Court Interprets New 7-Hour Limit on Examination for Discovery

In J. & P. Leveque Bros. v. Ontario, Madam Justice Templeton considered the new┬áR. 31.05.1, which provides that “[n]o party shall, in conducting oral examinations for discovery, exceed a total of seven hours of examination, regardless of the number of parties or other persons to be examined, except with the consent of the parties or with leave of the court.”

On this motion, the plaintiff sought leave to exceed the seven hour limit. The underlying litigation had to do with the failure of a rehabilitative surface treatment applied to an Ontario highway. The potential damages apparently exceeded two million dollars.

Her Honour had little difficulty in concluding that the plaintiff was entitled to leave to conduct examinations lasting more than seven hours. She based her decision on “effective representation, cost efficiency and expediency as defined in the factors set out in the Rule”. She extended the time limit to 19 hours in total.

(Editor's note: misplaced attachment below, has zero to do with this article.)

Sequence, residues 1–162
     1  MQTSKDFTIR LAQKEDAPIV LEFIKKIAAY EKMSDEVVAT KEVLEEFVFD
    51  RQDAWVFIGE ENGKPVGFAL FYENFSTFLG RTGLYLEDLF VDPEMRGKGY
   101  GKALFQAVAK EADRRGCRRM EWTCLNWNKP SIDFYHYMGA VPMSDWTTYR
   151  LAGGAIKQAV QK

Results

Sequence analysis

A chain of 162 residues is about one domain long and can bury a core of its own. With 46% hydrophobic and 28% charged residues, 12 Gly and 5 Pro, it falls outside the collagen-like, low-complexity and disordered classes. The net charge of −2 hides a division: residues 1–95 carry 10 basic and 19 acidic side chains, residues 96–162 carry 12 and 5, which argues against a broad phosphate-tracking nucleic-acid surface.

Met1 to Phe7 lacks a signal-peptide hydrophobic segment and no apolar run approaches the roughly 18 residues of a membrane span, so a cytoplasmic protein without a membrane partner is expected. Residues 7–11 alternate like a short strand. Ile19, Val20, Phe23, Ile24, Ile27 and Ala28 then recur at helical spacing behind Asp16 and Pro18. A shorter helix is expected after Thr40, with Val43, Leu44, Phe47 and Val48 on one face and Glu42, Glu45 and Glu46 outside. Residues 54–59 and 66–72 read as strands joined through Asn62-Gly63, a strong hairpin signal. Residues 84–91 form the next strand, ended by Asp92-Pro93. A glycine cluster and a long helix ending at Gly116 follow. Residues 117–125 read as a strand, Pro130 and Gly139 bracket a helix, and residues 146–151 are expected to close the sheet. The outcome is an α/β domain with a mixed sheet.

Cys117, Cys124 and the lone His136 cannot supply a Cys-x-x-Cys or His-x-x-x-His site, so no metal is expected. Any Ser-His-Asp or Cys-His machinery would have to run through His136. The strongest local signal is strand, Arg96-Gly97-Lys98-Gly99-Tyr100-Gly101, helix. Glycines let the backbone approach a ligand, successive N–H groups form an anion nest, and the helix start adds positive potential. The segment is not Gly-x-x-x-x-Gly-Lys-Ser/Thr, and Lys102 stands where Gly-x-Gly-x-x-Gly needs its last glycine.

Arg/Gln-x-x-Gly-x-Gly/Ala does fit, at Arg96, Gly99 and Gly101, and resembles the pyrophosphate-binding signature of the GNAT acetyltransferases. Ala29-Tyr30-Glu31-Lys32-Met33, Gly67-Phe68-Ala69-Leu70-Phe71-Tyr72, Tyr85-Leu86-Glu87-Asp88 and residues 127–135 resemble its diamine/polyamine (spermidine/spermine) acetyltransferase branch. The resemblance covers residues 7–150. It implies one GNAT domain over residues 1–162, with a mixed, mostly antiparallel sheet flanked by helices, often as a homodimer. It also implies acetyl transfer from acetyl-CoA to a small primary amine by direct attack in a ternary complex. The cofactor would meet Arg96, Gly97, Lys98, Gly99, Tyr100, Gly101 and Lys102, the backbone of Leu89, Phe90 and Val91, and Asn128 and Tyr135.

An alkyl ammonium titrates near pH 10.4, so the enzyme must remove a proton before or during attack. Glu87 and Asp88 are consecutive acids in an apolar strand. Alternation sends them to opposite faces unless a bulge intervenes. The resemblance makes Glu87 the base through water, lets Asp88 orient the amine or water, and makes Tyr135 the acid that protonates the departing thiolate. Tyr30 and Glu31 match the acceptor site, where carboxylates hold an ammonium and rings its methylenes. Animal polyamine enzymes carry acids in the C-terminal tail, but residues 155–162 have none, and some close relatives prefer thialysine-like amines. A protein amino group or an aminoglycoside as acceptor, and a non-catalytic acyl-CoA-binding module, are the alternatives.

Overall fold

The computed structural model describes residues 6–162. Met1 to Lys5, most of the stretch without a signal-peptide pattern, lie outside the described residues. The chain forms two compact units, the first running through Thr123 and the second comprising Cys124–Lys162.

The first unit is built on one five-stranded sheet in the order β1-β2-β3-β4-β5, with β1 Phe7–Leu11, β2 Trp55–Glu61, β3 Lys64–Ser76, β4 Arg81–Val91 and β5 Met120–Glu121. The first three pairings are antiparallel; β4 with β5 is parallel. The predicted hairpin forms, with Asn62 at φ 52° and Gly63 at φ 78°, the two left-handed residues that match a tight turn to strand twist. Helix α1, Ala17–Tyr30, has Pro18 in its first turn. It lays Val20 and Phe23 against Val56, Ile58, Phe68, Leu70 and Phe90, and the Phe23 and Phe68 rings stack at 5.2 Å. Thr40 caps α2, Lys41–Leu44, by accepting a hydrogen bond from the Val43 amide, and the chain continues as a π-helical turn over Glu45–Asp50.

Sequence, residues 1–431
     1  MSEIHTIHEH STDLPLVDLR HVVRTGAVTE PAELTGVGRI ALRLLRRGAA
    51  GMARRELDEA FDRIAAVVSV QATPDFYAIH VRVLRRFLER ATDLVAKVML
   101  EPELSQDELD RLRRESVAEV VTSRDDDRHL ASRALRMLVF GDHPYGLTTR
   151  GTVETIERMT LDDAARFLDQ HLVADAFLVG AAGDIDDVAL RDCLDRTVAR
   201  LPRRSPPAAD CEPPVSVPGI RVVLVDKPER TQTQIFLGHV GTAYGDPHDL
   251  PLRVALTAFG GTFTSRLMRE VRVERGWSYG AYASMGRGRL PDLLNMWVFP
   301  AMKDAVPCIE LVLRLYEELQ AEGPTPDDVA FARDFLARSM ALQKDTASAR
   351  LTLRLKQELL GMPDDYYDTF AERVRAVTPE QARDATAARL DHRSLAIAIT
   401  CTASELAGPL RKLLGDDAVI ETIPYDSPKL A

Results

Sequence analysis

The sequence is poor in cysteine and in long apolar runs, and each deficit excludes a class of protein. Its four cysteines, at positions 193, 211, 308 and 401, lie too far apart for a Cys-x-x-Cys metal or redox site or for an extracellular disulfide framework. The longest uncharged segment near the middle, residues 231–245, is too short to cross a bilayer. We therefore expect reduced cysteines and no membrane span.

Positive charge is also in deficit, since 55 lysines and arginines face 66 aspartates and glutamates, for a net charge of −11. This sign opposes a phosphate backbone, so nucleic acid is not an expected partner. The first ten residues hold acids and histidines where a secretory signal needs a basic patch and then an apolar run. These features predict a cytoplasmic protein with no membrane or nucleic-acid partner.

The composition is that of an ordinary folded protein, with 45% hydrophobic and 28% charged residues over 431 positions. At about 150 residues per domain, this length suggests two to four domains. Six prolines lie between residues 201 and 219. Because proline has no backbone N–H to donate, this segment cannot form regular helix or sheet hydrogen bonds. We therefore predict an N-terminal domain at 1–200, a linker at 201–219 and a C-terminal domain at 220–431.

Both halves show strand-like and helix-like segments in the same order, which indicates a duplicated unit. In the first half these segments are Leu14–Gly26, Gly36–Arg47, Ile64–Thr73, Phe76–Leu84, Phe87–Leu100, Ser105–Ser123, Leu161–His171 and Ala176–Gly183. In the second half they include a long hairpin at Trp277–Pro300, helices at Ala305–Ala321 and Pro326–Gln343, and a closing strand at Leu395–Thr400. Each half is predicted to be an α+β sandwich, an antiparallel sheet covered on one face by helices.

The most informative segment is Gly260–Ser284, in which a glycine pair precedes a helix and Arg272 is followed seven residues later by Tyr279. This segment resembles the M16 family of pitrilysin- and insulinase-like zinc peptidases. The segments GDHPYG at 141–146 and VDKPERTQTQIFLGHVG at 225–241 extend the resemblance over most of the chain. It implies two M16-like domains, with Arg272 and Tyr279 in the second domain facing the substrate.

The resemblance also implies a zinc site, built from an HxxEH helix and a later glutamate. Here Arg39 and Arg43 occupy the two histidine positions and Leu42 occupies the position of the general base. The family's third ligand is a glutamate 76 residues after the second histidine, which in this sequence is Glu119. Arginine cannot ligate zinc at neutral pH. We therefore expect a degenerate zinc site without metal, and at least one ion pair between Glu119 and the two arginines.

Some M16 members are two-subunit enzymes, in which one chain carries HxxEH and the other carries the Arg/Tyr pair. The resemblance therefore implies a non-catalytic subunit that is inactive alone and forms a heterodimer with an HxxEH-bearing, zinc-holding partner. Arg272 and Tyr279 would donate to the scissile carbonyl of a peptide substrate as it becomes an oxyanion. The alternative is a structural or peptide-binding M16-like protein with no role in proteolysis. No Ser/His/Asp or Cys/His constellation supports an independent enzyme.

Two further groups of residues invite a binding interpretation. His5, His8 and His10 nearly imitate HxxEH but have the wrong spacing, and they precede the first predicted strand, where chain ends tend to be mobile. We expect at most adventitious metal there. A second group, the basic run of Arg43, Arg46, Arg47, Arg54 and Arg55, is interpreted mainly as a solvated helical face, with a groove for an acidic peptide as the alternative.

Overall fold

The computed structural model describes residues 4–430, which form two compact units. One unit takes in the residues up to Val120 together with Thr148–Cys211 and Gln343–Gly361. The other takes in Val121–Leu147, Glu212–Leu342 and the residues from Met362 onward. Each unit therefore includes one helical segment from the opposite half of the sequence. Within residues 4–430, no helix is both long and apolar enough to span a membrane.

Her reasons contain a discussion of the factors set out in subrule 31.05.1(2). She also set out some practical guidelines, including:

  1. the seven hour limit does not include breaks, adjournments, unreasonable interference in questioning by opposing counsel, resulting in undue shortening of the time available to the examining party;
  2. where “the time limit agreed upon in the Discovery Plan has expired and counsel is at a crucial point in his/her examination on an issue central or germane to the case, flexibility ought to be brought to bear and that further time to a maximum of one hour to continue and conclude the examination would not be unreasonable in the circumstances”; and
  3. where such a one-hour leeway is taken advantage of by a party, it should reduce that examiner’s allotted time for the examination of another party.
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